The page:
Judge Rejects Trump Administration’s Attempt To Swat Down Suit Over Military Policy Regarding Soldiers With HIV
The lawsuit claims that the administration's military-readiness policy, which is meant to single out troops that for any reason can't be deployed for 12 consecutive months, targets people with HIV.
Trump Administration Can't Dodge Suit Over Military HIV Policy
A federal judge denied the Trump administration’s request to throw out a lawsuit over a new military-readiness policy that could result in all service members who are HIV positive being fired starting Oct. 1. U.S. District Judge Leonie Brinkema on Friday said it’s too soon to tell if the government has a good reason for its new “Deploy or Get Out!” directive, which aims to weed out soldiers who can’t deploy overseas for more than 12 consecutive months for any reason, including HIV status. (Larson, 9/14)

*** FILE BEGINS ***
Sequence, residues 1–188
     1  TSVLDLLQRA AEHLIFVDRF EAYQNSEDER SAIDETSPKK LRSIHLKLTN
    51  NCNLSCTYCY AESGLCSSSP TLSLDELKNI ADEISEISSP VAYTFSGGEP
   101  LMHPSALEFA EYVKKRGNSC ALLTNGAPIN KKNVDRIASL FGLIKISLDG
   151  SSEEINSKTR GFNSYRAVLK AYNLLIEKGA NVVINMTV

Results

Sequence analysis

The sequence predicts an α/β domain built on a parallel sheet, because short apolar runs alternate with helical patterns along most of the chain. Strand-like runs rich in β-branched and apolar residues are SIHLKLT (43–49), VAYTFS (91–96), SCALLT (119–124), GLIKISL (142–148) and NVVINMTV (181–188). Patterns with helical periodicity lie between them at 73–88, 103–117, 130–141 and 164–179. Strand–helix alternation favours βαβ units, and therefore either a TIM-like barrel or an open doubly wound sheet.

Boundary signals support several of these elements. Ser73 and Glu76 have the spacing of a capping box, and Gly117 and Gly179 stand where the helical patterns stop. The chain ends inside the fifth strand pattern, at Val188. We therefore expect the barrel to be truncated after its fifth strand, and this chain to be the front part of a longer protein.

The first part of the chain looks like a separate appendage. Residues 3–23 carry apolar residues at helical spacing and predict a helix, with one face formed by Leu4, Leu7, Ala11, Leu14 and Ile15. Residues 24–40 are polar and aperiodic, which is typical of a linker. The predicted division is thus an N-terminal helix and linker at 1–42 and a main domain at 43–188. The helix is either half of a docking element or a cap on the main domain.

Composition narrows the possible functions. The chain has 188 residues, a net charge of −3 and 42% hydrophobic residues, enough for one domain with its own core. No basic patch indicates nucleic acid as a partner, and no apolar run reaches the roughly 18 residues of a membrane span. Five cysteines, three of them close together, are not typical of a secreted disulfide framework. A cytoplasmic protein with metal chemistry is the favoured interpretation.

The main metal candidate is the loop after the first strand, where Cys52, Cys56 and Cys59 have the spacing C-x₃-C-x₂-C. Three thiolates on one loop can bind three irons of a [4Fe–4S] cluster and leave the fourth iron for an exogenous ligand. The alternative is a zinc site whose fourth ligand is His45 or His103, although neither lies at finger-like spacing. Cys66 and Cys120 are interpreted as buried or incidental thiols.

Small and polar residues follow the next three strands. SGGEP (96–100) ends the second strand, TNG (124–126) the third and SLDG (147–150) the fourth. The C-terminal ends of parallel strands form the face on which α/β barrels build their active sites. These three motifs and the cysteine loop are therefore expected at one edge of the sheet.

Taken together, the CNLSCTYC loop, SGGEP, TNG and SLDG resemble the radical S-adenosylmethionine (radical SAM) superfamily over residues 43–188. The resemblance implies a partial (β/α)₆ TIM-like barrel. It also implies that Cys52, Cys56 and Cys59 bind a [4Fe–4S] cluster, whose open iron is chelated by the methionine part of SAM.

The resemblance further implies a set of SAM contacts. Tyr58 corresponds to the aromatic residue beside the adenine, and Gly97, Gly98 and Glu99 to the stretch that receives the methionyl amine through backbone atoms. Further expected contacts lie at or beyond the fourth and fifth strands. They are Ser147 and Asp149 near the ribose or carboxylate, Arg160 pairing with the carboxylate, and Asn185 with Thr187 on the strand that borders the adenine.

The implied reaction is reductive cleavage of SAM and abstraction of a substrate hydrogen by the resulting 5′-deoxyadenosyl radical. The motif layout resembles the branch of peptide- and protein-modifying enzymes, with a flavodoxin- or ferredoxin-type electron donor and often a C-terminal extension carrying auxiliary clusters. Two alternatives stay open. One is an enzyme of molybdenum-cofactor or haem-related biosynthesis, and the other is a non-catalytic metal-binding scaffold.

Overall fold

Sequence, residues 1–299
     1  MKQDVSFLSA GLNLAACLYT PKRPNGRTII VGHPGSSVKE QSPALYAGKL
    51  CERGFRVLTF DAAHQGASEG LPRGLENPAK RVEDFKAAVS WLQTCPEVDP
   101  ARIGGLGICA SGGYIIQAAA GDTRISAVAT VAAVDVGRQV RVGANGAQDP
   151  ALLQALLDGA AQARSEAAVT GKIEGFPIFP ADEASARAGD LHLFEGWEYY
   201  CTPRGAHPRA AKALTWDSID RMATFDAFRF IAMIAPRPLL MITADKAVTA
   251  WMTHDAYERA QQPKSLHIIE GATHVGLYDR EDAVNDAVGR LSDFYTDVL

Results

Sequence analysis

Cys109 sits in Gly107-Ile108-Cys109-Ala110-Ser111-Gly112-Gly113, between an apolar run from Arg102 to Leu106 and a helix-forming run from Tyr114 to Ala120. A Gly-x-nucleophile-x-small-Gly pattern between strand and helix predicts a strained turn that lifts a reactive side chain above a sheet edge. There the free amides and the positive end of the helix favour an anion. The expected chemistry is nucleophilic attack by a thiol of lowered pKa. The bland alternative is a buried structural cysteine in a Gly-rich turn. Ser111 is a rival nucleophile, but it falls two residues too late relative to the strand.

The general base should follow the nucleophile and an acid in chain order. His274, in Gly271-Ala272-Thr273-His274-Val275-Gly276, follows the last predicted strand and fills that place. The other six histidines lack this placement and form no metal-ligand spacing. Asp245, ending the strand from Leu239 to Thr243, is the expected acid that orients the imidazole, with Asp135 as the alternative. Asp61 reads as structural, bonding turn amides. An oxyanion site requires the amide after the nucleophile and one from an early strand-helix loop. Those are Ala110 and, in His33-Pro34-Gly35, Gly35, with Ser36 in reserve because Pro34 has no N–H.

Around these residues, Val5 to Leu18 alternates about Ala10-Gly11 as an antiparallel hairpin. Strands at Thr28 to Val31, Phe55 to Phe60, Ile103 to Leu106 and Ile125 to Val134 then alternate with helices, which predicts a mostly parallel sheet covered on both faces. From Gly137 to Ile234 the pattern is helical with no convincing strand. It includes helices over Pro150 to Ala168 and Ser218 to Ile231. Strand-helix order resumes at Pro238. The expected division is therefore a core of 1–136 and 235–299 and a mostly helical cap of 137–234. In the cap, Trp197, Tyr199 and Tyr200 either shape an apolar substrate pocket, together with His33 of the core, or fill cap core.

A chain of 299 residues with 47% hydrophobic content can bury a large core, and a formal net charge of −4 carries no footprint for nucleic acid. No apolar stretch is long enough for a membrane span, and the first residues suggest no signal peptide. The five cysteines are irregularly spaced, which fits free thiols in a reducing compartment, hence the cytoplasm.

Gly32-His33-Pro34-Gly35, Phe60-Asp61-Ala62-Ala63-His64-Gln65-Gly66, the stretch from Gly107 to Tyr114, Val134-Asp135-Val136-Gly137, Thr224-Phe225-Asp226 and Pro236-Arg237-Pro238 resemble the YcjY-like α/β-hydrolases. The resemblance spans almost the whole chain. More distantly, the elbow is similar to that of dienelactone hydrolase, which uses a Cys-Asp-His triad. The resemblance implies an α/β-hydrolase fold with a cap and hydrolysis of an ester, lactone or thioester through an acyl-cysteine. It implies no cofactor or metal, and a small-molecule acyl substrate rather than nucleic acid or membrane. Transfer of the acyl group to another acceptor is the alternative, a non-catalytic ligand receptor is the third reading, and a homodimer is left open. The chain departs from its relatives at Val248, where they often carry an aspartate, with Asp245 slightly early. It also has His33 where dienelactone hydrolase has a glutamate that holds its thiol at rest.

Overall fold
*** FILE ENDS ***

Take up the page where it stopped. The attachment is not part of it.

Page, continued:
In other military health news —
VA Gears Up To Take On Choice Claims Processing
Starting Oct. 1, the Veterans Affairs Department will step in to manage about 81,000 authorizations for the ongoing private-sector care of approximately 50,000 veterans in the VA Choice program. Lawmakers and providers are watching how the VA handles the responsibility as the department is poised to take a larger role in processing claims thanks to the recently passed VA Mission Act. (Luthi, 9/17)